No matter what your definition of romance, Old Quebec City is easily the most romantic getaway destination in North America. It has plenty to do for lovers, families and singles. Just a little north of New England (about a 7 hour drive from Boston, 4.5 from Burlington VT., or 5.5 hours from Portland ME), any trip to New England could easily include it in the itinerary. Or, it makes for a great long weekend.
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Founded in 1608 and a UNESCO World Heritage Site, Quebec City is as close to being in France as you can get in North America. If you speak French, and so desire, you will never need to utter a word in English your entire visit. Getting by with English, however, is not a problem.
It is full of history, quaint hotels and B&B’s, great restaurants, outdoor Parisian-style cafes, fabulous vistas, and wonderful museums for both art and history lovers. Easy to tour by foot, it is simply one of the best places to spend a few days and a pleasure any time of year. Be forewarned, it can be very cold in the winter.
Old Town Quebec consists of Haute-Ville (Upper Town) and Basse-Ville (Lower Town), which also is the location of the old port. I’ll highlight a few of my favorite spots in each.
The best tour starts by simply walking around. It is small and self contained, beautiful, quaint, there are great places to eat, and is is just a wonderful place to be. The entire city is surrounded by a stone wall built by both the French and British armies. In fact it is the only North American city with fortress walls that still exist north of Mexico. The views overlooking Basse-Ville and the St. Lawrence are excellent.
Le Château Frontenac is probably the most photographed hotel in North America. To stay there can be pricey and the property can feel a little stuffy (if you want high-end, as an alternative you may want to consider some of the more intimate, but superb boutique hotels in Basse-Ville like the Dominion or Aberge Saint-Antoine – and both of these are relative bargains), but a martini in the Frontenac’s bar and a guided hotel tour can make the Quebec experience complete.
The Plains of Abraham Battlefield Park is a great walk on a nice day. The Plains are the site of the 1759 battle between the French, under Montcalm, and the English, under Wolfe. (Both Montcalm and Wolfe died as a result of wounds received here.) The battle was deciding moment in the conflict between France and Britain over the fate of New France, and resulted in the turning over of Quebec to the English. The park features beautiful gardens, historic exhibits and great views of the city and the St. Lawrence. Be sure to visit the Discovery Pavilion for a great overview of the park and its history. Check for music and festivals during the summer and bring a frisbee.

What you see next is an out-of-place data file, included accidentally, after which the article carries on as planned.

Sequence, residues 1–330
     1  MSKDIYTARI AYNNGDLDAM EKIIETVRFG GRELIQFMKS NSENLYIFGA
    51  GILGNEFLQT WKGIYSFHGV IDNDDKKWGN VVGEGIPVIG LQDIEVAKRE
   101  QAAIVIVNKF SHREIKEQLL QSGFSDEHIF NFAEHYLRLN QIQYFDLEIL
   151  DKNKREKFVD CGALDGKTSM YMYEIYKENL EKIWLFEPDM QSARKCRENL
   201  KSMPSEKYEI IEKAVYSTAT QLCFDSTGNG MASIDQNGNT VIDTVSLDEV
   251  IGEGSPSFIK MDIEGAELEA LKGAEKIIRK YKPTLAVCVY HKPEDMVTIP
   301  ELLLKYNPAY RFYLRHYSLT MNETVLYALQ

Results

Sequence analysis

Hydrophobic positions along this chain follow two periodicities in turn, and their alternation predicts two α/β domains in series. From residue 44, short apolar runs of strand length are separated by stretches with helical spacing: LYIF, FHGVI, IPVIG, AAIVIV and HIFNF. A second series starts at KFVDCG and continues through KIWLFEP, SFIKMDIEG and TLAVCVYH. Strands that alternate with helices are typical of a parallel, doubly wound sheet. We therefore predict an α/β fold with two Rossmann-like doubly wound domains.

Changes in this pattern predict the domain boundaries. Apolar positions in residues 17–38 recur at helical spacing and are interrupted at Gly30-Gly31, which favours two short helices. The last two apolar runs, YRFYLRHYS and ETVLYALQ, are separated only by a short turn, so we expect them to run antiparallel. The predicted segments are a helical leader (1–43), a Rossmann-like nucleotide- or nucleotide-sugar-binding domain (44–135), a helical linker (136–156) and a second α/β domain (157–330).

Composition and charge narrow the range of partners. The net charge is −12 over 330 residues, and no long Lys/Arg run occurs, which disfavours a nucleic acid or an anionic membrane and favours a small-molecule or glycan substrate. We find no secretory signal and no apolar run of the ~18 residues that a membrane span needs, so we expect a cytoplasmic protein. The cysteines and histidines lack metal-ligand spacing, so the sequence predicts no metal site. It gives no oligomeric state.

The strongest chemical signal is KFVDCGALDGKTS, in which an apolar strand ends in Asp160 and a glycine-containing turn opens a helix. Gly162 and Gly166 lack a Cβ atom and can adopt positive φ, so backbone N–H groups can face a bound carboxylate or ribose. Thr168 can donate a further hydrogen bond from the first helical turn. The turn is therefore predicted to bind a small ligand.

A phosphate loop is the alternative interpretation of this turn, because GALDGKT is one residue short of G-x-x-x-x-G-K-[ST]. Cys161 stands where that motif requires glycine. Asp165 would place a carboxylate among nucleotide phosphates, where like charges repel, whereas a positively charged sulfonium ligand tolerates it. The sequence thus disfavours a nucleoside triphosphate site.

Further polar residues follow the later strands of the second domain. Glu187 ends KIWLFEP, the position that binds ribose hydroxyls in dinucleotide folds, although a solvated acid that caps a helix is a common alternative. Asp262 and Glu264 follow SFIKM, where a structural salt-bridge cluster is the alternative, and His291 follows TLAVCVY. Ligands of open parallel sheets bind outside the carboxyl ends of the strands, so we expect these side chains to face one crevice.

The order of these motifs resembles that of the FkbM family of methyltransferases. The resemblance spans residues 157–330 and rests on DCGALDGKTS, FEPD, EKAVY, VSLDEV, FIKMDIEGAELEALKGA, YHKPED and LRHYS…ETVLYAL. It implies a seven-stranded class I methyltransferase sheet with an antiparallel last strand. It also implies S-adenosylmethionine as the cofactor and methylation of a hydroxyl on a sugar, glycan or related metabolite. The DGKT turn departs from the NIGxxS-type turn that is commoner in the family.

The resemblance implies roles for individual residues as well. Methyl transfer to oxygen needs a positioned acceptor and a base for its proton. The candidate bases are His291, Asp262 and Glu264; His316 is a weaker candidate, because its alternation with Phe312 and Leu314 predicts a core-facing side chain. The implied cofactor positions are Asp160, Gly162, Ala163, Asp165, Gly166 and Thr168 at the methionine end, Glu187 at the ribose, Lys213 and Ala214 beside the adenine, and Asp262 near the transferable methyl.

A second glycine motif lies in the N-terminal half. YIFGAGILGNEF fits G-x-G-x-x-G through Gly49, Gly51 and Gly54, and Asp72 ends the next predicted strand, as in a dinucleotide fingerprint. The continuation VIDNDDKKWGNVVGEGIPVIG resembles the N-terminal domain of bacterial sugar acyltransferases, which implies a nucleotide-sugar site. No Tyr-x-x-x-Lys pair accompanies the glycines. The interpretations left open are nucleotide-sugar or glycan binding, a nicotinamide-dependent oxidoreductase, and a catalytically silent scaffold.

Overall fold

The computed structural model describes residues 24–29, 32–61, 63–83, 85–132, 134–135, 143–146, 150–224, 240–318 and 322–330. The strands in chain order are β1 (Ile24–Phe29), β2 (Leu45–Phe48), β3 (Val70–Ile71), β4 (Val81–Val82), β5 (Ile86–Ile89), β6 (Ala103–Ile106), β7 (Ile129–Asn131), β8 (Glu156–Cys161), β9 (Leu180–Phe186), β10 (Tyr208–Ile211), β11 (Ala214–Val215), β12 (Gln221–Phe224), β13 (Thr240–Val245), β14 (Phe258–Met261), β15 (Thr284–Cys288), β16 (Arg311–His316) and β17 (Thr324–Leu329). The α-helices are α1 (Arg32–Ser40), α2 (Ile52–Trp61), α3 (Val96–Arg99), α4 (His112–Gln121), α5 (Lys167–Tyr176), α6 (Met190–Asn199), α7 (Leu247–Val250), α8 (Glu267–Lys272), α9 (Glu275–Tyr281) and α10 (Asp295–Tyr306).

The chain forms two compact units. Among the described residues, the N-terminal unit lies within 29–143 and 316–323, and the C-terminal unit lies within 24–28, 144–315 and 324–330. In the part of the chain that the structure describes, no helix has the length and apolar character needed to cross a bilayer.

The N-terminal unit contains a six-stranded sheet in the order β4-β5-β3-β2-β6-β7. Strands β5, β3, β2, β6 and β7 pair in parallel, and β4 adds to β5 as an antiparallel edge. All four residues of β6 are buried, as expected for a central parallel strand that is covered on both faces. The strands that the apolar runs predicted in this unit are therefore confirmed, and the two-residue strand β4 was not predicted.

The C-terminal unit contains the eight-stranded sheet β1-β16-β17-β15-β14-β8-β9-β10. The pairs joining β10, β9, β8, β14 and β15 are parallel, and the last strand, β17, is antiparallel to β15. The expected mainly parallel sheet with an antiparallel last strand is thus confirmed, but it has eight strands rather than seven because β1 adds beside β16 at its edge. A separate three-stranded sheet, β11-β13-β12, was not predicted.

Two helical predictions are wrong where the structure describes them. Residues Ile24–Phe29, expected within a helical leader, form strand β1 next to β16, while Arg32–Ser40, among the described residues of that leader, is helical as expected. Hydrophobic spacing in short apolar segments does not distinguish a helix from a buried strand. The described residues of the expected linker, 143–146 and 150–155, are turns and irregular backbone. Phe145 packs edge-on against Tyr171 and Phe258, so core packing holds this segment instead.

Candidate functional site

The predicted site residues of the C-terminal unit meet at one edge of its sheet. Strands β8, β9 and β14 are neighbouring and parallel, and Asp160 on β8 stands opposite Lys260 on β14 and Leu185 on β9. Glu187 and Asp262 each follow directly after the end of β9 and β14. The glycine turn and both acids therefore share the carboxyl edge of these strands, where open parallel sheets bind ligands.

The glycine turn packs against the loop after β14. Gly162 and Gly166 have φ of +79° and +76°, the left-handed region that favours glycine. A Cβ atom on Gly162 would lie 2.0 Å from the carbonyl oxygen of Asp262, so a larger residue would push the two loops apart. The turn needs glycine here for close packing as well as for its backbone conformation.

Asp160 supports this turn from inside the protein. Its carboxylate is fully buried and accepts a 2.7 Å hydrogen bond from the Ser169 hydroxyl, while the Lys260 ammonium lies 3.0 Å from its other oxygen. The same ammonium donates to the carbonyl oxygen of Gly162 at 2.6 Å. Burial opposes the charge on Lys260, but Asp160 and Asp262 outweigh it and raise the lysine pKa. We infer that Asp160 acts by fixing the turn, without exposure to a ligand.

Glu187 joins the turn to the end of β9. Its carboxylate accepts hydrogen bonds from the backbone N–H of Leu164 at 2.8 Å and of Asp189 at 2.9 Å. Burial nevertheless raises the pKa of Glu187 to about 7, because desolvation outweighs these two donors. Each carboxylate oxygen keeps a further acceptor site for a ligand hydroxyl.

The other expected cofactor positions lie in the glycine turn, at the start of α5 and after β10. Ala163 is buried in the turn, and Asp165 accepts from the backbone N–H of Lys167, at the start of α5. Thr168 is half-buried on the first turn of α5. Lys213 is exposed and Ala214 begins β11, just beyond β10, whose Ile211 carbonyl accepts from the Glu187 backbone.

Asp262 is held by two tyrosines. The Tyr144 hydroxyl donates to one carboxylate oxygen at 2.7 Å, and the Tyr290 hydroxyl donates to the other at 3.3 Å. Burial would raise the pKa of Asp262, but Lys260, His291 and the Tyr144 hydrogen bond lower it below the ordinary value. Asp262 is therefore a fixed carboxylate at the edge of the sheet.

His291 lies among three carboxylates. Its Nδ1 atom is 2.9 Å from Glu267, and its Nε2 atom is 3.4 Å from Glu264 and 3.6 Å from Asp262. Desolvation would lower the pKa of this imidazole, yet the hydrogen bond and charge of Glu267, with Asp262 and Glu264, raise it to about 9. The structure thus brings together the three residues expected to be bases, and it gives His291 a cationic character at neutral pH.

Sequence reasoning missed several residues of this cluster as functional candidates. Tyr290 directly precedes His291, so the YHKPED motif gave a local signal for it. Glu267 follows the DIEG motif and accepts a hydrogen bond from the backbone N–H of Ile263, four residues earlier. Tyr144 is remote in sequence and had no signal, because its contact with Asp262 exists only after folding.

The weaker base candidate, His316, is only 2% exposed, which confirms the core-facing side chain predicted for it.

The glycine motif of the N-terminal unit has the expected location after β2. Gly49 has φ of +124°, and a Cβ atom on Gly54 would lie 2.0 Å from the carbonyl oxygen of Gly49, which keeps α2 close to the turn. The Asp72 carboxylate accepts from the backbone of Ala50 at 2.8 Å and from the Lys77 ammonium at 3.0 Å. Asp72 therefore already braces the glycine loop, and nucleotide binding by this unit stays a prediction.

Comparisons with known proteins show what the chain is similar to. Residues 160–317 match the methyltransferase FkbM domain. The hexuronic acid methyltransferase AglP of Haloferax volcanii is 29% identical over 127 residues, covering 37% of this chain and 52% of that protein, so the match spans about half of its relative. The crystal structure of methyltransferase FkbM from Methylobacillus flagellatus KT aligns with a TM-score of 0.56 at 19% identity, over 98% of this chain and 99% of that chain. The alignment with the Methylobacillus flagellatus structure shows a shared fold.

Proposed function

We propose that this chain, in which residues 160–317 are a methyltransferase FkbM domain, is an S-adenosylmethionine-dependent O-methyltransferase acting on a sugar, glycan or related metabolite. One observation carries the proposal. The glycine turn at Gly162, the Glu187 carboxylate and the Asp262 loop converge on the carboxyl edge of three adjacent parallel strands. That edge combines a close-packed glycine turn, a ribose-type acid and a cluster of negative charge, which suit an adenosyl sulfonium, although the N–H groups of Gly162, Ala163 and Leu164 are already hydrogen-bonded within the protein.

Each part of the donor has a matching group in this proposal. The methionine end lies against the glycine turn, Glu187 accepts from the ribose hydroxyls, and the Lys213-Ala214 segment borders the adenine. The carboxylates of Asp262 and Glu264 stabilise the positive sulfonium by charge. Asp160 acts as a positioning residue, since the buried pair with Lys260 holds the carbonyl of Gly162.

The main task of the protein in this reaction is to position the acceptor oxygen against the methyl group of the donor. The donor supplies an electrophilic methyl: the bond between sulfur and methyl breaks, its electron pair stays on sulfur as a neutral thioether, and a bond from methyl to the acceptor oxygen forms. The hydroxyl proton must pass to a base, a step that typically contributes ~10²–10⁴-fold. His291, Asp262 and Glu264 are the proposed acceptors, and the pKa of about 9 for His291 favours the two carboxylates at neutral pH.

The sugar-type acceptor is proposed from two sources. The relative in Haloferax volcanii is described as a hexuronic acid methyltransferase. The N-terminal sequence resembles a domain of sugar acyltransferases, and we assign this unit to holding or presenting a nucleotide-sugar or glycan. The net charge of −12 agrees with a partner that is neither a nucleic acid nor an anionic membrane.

Le Musée National des Beaux-arts du Québec is a wonderful art museum in the Plains of Abraham Battlefield Park. Housed in three buildings, one of which was the 19th century city prison, it is a great way for art lovers to spend couple of hours. It is home to impressive permanent collections as well as traveling shows.
As with Haute-Ville, simply wandering around is a great way to experience the city. To go between Haute and Basse-Ville, there is the Funiculaire that can be taken up or down if you do not want to navigate the stairs or winding streets, which are steep. The 17th century architecture and French flavor sets a tone unequaled in North America. There are many places to shop, which range from high-end furs and art to pure kitsch – at your pleasure. In nice weather, sit outside in a cafe, close your eyes, and when you open them, you are in a French village (truly). Superb!
Musée de la Civilization is an impressive museum dedicated to the history of the world’s peoples. It houses excellent exhibits focused on the humanities, with a concentration on the Canadian people. It is enjoyable by both adults and children. If it is inclement, this is the best place to spend the day. The free tours are well done and very insightful.
Le Marché du Vieux-Port de Québec is a wonderful fresh market near the old port and off most tourist agendas. It is great place to wander around and pick up supplies for a picnic or to bring back to your hotel room. Most everything comes from Quebec and the varous stalls specialize in fruits, vegetables, wine, cider, maple products, cheeses, pastries, breads, deli meats, and more. This is a great place to find non-traditional souvenirs to bring home.
The Place-Royale is where Samuel de Champlain landed in 1608 and founded the first French settlement in North America. It is an absolutely beautiful square. Visit the Centre d’Interpretation de Place-Royal for exhibits describing the challenges of setting up a town in the 17th century. At the end of the square is the Notre Dame des Victoires church, built in 1688 and subsequently destroyed by the British bombardment of 1759. It has been restored to it’s original character.